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HomeHomes & GardensAsk the Hill Historian: Naval Lodge Number 4

Ask the Hill Historian: Naval Lodge Number 4

The Masonic Naval Lodge at 330 Pennsylvania Avenue, SE is an important institution established in the early years of the creation of the city. It is the largest continuously operating lodge in Washington, DC. A Masonic lodge is the organizational unit for Freemasonry. It is also the term used for where the members meet.

It was originally part of the Grand Lodge of Maryland, designated Naval Lodge No. 41 in 1805 but became a member of the Washington DC Grand Lodge when it was created in 1811. Because of its start as a Maryland Lodge, the Naval Lodge retains some parts of the Maryland ritual, making it the only Lodge in Washington to do so.

Photograph No. 2 Current Masonic Lodge Hall

The original Naval Lodge was established in and was meant for those working at the Navy Yard (not the Navy) one of the largest employers in DC at the time. Members of the Lodge were mostly blue-collar workers who lived in the Capitol Hill neighborhood. They met every other week. The original lodge was a small house just outside the gates of the Navy Yard and was used until 1821.

In 1821, the Lodge built and moved into a building on the Northwest corner of Fifth Street and Virginia Ave. SE. It was two stories, with the Lodge using the top floor, and renting the bottom floor to a school. It was frequented by craftsman in DC to work on the construction of the Capitol and White House. In 1849 the Chief of the Choctaw Indians attended the Lodge as a visiting brother.

The Naval Lodge played an important part in Washington, DC history. When the Naval Yard was burned in 1814 to prevent it from being captured by the British Army, the records of the Yard were taken by the Naval Lodge to a safe storage place in Maryland. In 1848, the Lodge took part in the laying of the cornerstone of the Washington Monument.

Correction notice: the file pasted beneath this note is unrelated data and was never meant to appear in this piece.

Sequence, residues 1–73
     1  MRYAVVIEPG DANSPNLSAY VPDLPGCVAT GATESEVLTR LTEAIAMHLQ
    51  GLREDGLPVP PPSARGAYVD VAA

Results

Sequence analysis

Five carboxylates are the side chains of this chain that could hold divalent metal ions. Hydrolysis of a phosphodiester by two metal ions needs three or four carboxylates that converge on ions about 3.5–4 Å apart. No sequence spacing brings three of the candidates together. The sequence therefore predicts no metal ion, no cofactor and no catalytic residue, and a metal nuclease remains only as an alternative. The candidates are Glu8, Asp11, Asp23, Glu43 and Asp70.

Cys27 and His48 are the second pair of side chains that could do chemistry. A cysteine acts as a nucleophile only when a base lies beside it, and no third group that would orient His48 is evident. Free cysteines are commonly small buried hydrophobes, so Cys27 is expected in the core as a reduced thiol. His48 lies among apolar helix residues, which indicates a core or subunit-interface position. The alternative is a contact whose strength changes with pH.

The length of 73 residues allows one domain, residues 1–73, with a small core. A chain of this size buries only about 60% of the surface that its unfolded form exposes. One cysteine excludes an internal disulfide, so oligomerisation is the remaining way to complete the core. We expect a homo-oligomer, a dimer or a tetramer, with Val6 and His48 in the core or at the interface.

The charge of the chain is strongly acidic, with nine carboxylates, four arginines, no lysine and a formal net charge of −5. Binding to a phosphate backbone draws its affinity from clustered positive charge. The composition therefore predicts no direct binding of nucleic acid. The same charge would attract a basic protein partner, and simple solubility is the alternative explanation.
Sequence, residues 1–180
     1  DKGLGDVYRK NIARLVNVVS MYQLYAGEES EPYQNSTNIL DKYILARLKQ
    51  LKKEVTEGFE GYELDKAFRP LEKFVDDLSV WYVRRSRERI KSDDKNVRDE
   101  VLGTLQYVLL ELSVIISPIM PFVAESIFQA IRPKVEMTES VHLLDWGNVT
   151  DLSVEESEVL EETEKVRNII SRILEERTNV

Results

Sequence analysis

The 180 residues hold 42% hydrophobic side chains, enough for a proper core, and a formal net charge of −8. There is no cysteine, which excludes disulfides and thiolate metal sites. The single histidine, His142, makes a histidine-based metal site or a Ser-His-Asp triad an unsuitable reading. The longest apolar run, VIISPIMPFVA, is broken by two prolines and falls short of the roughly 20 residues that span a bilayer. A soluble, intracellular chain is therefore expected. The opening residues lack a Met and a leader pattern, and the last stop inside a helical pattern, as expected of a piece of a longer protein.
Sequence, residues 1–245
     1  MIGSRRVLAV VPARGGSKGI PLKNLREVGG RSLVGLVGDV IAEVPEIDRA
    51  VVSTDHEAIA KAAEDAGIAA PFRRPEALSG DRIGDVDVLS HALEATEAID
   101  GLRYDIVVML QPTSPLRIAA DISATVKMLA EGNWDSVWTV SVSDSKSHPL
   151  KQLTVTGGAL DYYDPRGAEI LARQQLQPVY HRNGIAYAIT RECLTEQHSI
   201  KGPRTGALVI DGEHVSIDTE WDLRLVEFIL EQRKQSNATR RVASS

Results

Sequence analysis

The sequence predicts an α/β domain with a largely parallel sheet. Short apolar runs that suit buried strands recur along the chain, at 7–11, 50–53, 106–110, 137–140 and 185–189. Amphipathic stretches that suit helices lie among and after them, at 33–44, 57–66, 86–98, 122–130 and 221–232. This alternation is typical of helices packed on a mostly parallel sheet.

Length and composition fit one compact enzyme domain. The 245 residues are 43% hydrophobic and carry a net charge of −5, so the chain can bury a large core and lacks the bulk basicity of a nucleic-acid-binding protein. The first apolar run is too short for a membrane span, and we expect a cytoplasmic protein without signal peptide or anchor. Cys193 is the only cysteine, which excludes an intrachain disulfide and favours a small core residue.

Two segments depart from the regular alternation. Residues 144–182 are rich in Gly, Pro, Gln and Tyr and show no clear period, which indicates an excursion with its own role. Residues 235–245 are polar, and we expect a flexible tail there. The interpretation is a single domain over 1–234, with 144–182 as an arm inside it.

Photograph No. 3 Modern Naval Lodge

Growth of the Lodge during the Civil War lead to its expansion. In 1867, the Lodge building was expanded to three stories, and had gas lights added. However, within 20 years the building was feeling growing pains again. After a nine-year effort to find a suitable spot and raise money for construction, the Naval Lodge bought the lot and began building its current building in 1893. Much of the money for the development of the building came from the Lodge members. The polychrome decorations inside the Lodge were designed by an artist from the Smithsonian.

The Lodge grew throughout 20th century and expanded its membership from Navy Yard workers to include “white collar” members such as lawyers, architects, and Congressional staff. Its members survived through the changes of the nation, the World Wars and race riots. Over the years it has been visited by presidents, vice presidents, military and religious leaders, visiting soldiers, and Brothers from around the world.


Nina Tristani is the co-owner of N&M House Detectives (www.nmhousedetectives.com) and chair of the Capitol Hill Restoration Society’s (CHRS) Communications Committee. For more information on this and other issues of historic preservation, visit www.chrs.org.

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